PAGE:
Thursday, December 07, 2006

W-12 engine?

I am familiar with straight four, five, and six cylinder engines, flat four and six cylinder engines, and V four, six, eight, ten, and twelve cylinder engines. But when I heard about a W12 engine, I was fascinated. How could such an engine be produced? I began talking with someone about it and quickly realized that I had no idea how the thing was setup. Would it have three banks of four cylinders? four banks of three (criss-crossed like the VW symbol)? I wasn't sure until today.

This article made things a little more clear. The key to understanding the W-12 is an understanding of the VR6 engine. It is different from most V-6 engines in that there are only 15 degrees separating the two banks of three cylinders. The picture shows that the cylinders are asymmetrical and unusual. If you can grasp the design of the VR6, you will understand that the W-12 is two 15 degree V-6 cylinder banks connected to the same crank shaft.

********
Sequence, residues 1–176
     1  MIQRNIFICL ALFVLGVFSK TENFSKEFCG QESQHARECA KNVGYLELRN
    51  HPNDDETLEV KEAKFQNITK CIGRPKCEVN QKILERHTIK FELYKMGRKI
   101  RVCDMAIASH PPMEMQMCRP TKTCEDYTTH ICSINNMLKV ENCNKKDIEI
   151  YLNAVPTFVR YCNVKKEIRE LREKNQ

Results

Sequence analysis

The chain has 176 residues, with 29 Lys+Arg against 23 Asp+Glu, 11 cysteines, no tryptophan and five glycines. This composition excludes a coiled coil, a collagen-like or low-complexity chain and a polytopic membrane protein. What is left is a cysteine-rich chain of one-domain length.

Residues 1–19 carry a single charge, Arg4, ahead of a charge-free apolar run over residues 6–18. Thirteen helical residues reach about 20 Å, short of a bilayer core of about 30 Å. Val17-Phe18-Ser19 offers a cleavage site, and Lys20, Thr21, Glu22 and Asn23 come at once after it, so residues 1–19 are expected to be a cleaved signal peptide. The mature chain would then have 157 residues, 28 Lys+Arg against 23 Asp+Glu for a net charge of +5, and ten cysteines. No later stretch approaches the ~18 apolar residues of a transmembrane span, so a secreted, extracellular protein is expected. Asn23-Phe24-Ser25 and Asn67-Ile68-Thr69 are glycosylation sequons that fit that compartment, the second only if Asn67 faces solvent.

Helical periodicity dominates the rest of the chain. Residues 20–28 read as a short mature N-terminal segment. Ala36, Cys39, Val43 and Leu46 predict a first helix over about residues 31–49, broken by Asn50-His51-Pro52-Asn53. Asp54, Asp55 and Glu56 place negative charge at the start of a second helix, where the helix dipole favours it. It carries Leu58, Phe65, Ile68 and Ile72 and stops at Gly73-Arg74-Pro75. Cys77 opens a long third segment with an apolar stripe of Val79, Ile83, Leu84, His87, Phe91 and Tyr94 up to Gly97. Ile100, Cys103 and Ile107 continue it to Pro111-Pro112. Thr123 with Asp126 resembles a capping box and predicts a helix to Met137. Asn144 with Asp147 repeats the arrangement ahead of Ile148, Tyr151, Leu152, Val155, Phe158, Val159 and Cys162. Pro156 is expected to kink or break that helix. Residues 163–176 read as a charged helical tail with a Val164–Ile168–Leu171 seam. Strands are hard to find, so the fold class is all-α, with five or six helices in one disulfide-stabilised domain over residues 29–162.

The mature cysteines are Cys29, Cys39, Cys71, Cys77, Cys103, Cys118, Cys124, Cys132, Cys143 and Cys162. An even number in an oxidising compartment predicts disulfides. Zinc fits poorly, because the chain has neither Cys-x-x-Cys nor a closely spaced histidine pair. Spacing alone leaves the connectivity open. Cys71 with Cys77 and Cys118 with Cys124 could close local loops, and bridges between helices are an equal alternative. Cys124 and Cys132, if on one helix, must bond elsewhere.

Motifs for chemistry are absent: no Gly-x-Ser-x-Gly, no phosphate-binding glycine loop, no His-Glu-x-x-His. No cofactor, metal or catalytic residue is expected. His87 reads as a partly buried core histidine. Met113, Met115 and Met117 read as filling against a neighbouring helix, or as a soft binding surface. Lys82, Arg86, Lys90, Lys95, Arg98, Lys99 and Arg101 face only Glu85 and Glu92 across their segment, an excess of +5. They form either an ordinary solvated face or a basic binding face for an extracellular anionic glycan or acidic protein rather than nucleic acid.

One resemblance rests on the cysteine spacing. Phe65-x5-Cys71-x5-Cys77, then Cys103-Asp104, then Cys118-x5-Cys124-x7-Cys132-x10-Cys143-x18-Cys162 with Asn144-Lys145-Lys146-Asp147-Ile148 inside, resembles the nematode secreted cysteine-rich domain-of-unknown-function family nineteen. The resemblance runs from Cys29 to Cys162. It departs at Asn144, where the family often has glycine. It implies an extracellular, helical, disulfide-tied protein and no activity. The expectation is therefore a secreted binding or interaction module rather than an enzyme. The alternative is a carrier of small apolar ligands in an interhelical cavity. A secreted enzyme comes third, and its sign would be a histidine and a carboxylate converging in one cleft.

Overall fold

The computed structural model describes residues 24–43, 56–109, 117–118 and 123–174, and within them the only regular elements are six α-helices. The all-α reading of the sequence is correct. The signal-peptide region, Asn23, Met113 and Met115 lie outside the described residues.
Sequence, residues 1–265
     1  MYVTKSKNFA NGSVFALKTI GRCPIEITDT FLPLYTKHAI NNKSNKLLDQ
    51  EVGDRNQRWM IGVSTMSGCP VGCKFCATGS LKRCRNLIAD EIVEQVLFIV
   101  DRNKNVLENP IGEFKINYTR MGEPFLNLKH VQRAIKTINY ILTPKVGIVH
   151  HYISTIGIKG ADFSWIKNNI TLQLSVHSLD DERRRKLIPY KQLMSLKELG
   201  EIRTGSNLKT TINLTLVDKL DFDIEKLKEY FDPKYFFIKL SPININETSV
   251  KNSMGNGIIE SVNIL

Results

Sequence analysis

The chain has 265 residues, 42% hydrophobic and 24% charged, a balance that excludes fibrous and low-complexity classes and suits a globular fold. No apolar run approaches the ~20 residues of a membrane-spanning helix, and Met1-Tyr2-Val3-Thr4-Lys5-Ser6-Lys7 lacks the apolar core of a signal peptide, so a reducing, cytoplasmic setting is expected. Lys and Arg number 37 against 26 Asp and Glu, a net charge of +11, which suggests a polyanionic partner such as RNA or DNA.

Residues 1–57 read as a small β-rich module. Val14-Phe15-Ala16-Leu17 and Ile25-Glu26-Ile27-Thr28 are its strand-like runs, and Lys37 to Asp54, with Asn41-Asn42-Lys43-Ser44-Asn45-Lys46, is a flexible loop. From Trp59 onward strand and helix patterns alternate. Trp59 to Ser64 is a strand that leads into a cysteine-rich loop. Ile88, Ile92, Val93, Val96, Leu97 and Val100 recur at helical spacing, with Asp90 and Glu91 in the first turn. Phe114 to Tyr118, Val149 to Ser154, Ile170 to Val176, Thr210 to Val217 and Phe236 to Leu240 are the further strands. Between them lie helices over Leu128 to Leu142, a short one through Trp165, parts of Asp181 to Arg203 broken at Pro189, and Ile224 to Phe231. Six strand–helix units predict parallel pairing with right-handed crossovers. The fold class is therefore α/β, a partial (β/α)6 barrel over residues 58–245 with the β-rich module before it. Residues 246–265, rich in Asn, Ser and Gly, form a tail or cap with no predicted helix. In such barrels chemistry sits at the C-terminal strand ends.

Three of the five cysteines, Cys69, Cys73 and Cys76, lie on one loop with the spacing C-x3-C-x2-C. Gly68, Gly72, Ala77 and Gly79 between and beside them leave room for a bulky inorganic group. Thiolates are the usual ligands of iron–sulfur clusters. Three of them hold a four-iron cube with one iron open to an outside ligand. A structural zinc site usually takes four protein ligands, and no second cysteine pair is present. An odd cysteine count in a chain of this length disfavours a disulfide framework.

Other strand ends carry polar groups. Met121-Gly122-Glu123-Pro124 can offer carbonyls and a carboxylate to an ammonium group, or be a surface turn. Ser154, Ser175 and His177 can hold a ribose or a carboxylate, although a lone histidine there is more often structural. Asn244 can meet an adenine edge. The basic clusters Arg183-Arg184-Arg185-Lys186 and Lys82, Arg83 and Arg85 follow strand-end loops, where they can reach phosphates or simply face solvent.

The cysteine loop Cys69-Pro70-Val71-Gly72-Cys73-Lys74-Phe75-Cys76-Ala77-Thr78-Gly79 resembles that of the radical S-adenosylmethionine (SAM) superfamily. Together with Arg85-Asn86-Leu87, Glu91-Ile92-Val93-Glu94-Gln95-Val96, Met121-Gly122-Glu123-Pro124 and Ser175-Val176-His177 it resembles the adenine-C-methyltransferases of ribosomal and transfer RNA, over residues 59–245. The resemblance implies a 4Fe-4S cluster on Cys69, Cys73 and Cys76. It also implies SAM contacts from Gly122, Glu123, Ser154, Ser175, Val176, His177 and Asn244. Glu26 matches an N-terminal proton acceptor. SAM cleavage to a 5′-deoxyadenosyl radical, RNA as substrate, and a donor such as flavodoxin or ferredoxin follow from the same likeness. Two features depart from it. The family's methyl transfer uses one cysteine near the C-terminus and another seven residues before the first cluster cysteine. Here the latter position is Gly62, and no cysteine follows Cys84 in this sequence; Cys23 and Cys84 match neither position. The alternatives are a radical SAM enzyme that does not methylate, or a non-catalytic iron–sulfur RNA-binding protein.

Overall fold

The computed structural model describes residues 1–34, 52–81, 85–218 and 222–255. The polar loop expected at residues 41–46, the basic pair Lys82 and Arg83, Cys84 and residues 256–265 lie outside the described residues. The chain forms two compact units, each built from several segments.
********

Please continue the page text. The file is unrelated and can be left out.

Will this type of setup prove to be reliable? I guess VW must think so as their VR6 engines have become very popular. Whatever the case, the W-12 engine is truly an interesting setup ... even if I still don't quite understand it. I may need to read the article again, but until then I think I'll stick with the simple and familiar slant four.

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